Room for Improvement
The Lakers 122-99 win over the Pacers might seem perfect, but L.A. could have played better
LOS ANGELES -- Any time Adam Morrison and DJ Mbenga combine to reach double-digit scoring there's plenty of reason to smile, but the Lakers still did enough things wrong in their 122-99 win over the Indiana Pacers to not be deliriously enthused after this one.
If it sounds as if I'm nitpicking, that's because I am.
Phil Jackson called Tuesday a "getaway game." Playing a struggling team like Indiana is a way for Jackson to gauge how the Lakers are playing in all areas. It's not solely about who wins.
Jackson said he wanted to see the Lakers "getting things right" so they were playing "the right way" as they embark on a three-game road trip against much better teams than the Pacers.
It's March and the Lakers have more than twice as many wins than the Pacers, so they're supposed to beat a team like that by 23, but as they enter the "nitty gritty" as Lamar Odom called it after the game, there's room for improvement.
Kobe Bryant's final line looked a lot better than his 3-for-17 shooting total Sunday that caused him to use the fiercest of all the four-letter words to describe his shooting stroke at Monday's practice, but his 24 points against Indy were padded by going 14-for-15 from the foul line. He was still just 2-for-9 on jump shots for the game. One of those made shots that beat the halftime buzzer might have gotten more friendly bounces on the rim than any shot in an NBA game since Troy Murphy's tip-in game winner against L.A. in Indiana last season.
"Kobe's still not shooting in the rhythm that he needs to shoot the ball well but he's looking like it's getting better," Jackson said.
Bryant had one 3-point attempt in the first quarter clank long off the back rim. He had another in the second half that he short-armed and barely made it to the basket.
Bryant said he couldn't remember the last time he got to the line that much and all of the attempts helped him find his stroke again.
"I'm not tripping [about it]," Bryant dismissed.
Still, Jackson said he's never seen a slump like this out of Bryant, so it's worth mentioning.
"I've not seen this before [from Bryant]," Jackson said. "I think the combination of his finger now coming back after being out and finding a release point [is the issue]. It's just one of those things that shooters go through, but I've never seen him go through this before."
While Bryant will try to make up for the 18 days he missed replacing hundreds and hundreds of jumpers with hours and hours of rehab on his left leg and knee, the Lakers will pack their bags trying to regain the reputation they established last year as the toughest road opponent in the league.
It's not just the challenge of the immediate three-game trip, but the fact that the Lakers play 11 out of their next 14 games outside of L.A., too.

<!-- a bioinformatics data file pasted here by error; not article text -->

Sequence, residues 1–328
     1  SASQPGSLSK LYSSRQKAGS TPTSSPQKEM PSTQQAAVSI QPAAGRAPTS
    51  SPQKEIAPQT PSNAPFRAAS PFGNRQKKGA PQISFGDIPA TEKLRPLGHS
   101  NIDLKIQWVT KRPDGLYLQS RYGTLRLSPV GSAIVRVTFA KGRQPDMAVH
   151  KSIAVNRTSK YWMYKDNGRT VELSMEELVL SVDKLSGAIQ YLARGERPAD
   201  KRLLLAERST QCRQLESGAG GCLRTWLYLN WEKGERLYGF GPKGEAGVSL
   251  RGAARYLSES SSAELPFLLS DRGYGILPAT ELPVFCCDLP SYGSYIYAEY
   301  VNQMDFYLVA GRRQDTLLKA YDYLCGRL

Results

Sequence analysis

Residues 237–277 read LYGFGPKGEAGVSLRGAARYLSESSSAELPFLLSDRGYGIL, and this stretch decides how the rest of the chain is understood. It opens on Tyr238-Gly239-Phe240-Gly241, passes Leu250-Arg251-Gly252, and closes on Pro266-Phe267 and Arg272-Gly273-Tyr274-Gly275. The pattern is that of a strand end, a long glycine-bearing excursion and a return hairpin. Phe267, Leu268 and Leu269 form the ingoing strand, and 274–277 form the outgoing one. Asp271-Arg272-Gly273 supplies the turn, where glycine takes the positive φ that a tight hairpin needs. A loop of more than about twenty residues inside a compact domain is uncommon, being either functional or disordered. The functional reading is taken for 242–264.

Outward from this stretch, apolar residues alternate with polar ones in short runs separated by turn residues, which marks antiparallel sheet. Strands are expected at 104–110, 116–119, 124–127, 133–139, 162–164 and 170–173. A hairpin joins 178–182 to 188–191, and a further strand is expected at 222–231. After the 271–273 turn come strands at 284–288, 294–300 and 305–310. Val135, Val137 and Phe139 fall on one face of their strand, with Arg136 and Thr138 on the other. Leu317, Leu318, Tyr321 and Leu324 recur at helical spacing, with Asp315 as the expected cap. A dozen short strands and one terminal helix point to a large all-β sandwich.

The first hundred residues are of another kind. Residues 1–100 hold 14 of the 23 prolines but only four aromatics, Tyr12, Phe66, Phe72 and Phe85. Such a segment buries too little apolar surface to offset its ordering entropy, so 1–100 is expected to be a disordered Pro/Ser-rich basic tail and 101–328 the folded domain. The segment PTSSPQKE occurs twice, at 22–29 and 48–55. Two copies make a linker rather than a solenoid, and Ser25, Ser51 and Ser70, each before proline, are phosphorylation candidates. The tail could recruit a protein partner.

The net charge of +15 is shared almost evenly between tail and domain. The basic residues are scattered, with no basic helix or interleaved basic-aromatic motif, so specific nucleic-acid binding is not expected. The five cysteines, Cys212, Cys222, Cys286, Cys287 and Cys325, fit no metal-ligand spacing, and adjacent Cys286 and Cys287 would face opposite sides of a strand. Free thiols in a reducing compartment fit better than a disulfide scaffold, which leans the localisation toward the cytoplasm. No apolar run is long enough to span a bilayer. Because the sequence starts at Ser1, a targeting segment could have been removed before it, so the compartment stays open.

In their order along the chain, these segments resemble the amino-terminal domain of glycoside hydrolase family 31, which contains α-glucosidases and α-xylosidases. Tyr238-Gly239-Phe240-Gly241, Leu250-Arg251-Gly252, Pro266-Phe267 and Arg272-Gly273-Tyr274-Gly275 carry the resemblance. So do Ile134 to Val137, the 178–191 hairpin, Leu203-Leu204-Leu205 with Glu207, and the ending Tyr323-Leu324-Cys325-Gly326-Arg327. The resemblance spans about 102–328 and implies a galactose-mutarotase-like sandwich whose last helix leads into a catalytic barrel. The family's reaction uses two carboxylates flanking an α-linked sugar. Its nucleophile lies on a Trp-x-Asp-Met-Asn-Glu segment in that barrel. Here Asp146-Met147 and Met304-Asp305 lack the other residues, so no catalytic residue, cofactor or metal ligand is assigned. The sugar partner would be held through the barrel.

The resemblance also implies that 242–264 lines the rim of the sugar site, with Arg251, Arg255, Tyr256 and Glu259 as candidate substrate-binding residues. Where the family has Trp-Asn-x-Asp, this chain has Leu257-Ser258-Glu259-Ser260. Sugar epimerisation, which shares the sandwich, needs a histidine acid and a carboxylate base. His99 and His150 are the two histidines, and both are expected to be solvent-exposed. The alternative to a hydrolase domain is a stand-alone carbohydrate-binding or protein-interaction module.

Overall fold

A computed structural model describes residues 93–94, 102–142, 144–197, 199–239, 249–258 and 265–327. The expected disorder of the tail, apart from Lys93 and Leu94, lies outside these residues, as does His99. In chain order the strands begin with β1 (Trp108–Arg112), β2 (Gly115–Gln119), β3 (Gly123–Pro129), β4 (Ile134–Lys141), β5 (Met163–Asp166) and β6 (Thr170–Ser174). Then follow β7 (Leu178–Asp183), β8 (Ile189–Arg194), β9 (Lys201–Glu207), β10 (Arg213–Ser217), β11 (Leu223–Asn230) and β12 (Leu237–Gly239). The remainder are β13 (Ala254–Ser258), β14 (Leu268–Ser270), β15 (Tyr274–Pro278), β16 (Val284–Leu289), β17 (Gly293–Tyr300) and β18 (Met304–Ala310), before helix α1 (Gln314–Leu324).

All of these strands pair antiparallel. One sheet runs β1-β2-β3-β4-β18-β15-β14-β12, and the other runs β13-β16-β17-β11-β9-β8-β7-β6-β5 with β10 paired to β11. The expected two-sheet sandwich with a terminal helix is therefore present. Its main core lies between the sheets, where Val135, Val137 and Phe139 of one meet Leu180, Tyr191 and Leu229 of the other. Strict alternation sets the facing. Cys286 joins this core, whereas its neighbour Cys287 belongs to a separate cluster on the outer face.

"You know on the road it's a different style of play," Bryant said, "a different game entirely. We can't take the game we play here at home and take it on the road; we'll have to adjust a little bit. Keep your energy up, obviously keep the intensity up, but on the road you really have to execute."
Part of that execution is coming out of the gate with a greater focus. The Lakers trailed the Pacers by a point after the first quarter Tuesday. Denver led by nine at halftime Sunday.
"I have not been impressed with our last week or so in the first quarter," Jackson said. "I felt like we have not gotten off to good starts and not connected well when we play. That will come along and it is just a product of Kobe getting back into the lineup as well as a feel for getting back to the guard position."
Some times more effort means less control. The Lakers had eight turnovers in the first half against Indiana and 14 in the first half against Denver. For a team that averages just 13.4 miscues a game, both sums are too high.
"You have games like this at home where you can do things and can get out and break games open," Jackson said. "On the road you have to play a tighter game & you have to play a little tighter to the chest in these [away] games."
You could say the Lakers defense played well. The crowd at Staples Center certainly thought so as the team kept Indiana under 100 in the final minute to assure free tacos for everyone. But Ron Artest wouldn't agree with you.
Artest is rounding into the defensive dynamo he was brought in to be, holding Danny Granger to just 2-for-9 shooting and nine points, continuing -- as Mike Trudell, a writer for the Lakers' team Web Site pointed out -- a hit list of shutting down opposing small forwards the way that Chad Ochocinco used to keep track of the opposing cornerbacks he burned.
"We need to play defense every possession," Artest said. "In the first half it was bad."
Said Jordan Farmar: "We can still improve team defense; helping each other out, seeing where the other team is going to try to exploit us as a unit or where our weaknesses are and just helping each other out as a group collectively."
Oh, and they let Josh McRoberts score a career-high 15 points too, thus giving McRoberts a new favorite memory of the city of Los Angeles, replacing the night he once went on a date with Lauren Conrad from "The Hills."
Obviously in a 23-point win there are going to be more positives than negatives to point out, but when a team is striving for a championship, the little stuff matters.
Kobe's shooting struggles, turnovers, inconsistent team defense and lackluster early starts are all things the Lakers will look to "get away" from on the road.